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 Table of Contents  
ORIGINAL ARTICLE
Year : 2014  |  Volume : 34  |  Issue : 1  |  Page : 1-8

The impact of medical institutions on the treatment decisions and outcome of root-resected molars: A retrospective claims analysis from a representative database


1 Department of Periodontology, School of Dentistry, Tri-Service General Hospital and National Defense Medical Center, Taipei, Taiwan, Republic of China
2 School of Public Health, National Defense Medical Center, Taipei, Taiwan, Republic of China
3 Department of Family Medicine and Community Health, School of Dentistry, Tri-Service General Hospital and National Defense Medical Center, Taipei, Taiwan, Republic of China
4 Graduate Institute of Life Sciences, National Defense Medical Center, Taipei, Taiwan, Republic of China
5 Department of Periodontics, Chi Mei Medical Center, Tainan, Republic of China
6 Department of Periodontology, School of Dentistry, Tri-Service General Hospital and National Defense Medical Center; Department of Dentistry, Buddhist Tzu-Chi General Hospital, Taipei Branch, Taipei, Taiwan, Republic of China
7 Department of Oral Diagnosis, School of Dentistry, Tri-Service General Hospital and National Defense Medical Center, Taipei, Taiwan, Republic of China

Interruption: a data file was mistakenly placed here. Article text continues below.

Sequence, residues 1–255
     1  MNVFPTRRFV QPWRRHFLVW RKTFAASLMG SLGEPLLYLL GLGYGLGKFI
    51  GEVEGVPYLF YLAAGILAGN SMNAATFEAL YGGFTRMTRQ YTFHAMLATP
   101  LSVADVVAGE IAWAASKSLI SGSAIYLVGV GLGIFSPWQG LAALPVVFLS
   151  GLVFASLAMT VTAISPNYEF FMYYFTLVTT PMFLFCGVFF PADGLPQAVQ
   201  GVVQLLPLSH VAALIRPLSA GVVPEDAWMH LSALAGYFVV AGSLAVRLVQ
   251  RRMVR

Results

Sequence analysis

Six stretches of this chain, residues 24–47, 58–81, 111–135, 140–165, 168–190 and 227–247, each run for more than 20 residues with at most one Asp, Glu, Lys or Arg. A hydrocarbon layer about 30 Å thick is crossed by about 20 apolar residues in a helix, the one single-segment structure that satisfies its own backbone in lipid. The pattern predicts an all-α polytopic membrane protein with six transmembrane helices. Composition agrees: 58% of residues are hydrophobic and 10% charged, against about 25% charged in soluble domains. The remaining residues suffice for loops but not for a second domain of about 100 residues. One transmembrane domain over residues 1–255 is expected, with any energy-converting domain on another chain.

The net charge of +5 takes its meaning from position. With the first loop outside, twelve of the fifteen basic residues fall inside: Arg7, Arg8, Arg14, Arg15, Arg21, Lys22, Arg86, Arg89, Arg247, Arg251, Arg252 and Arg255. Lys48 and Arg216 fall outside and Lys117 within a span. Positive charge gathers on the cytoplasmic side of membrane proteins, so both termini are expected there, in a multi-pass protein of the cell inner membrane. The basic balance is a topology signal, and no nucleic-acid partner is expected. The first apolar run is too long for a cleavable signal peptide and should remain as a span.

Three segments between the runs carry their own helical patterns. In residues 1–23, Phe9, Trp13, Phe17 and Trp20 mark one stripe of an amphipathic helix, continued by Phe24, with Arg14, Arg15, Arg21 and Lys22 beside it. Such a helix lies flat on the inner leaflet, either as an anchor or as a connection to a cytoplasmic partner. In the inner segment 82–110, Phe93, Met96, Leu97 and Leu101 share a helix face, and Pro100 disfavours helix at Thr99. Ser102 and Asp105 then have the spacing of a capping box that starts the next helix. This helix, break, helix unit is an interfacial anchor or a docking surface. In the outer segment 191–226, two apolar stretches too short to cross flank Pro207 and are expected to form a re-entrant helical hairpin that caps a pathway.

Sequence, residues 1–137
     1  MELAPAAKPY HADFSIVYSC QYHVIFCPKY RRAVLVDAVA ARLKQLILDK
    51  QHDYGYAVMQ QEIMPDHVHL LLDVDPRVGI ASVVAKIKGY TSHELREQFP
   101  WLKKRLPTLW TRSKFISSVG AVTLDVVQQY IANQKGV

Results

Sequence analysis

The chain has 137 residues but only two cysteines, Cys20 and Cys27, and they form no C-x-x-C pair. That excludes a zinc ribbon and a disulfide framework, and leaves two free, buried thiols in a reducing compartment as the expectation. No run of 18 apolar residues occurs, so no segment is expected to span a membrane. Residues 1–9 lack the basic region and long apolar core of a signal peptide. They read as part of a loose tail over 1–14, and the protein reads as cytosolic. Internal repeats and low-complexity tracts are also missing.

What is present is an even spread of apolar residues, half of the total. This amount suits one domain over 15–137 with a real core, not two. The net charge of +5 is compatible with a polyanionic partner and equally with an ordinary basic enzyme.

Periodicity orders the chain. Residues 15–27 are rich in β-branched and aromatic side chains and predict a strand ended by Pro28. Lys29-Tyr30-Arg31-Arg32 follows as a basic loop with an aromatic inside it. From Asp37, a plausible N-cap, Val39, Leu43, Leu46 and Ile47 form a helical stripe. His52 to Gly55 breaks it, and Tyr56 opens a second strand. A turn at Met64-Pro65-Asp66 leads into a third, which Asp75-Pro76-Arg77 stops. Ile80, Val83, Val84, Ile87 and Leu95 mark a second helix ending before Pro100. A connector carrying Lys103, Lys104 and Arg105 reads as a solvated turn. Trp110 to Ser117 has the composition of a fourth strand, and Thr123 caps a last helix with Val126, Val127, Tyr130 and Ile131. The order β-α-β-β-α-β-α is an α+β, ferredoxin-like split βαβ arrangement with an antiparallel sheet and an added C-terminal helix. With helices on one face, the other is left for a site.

Date of Submission11-Jan-2013
Date of Decision13-May-2013
Date of Acceptance04-Jun-2013
Date of Web Publication26-Mar-2014

Correspondence Address:
Ren-Yeong Huang
Department of Periodontology, School of Dentistry, Tri-Service General Hospital, National Defense Medical Center, Taipei 114, Taiwan
Republic of China
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Source of Support: None, Conflict of Interest: None


DOI: 10.4103/1011-4564.129380

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  Abstract 

Background: This study analyzes the prognostic factors affecting the survival rate of root-resected molars by using a representative population-based dataset. Materials and Methods: A total of 635,216 eligible patients were enrolled from a representative cohort composed of one million of Taiwan's population. The tooth-related factors influencing the survival rates of root-resected teeth were examined on 516 molars, in 492 patients. Cox regression was performed to statistically analyze the factors. Results: The overall survival rate for the root-resected molars was 91.7%. Of the analyzed factors with respect to root-resection procedures, whether or not concomitant flap surgery was performed in the medical institutions, the dental arch and tooth location demonstrated a considerable influence on the treatment and decision-making. The main reasons and results of root-resected molars receiving root-resection therapy in hospitals were the periodontal-compromised conditions, whereas, the root-resected molars that received root-resection therapy in private practice clinics were caused by caries/endodontic reasons. After adjusting for other factors, in the outcome of root-resected molars, a higher risk of extraction occurrence was seen in hospitals than in private practice clinics (hazard ratio = 2.03; 95% CI = 1.04 to 3.98; P = 0.039). Conclusions: Of the analyzed prognostic factors, medical institutions significantly affect the treatment decision and survival of root-resected molars. Therefore, a comprehensive evaluation, risk assessment, and treatment plan should be executed before the root-resection procedure is performed.

Keywords: Molar, furcation defects, treatment outcome, prognosis


How to cite this article: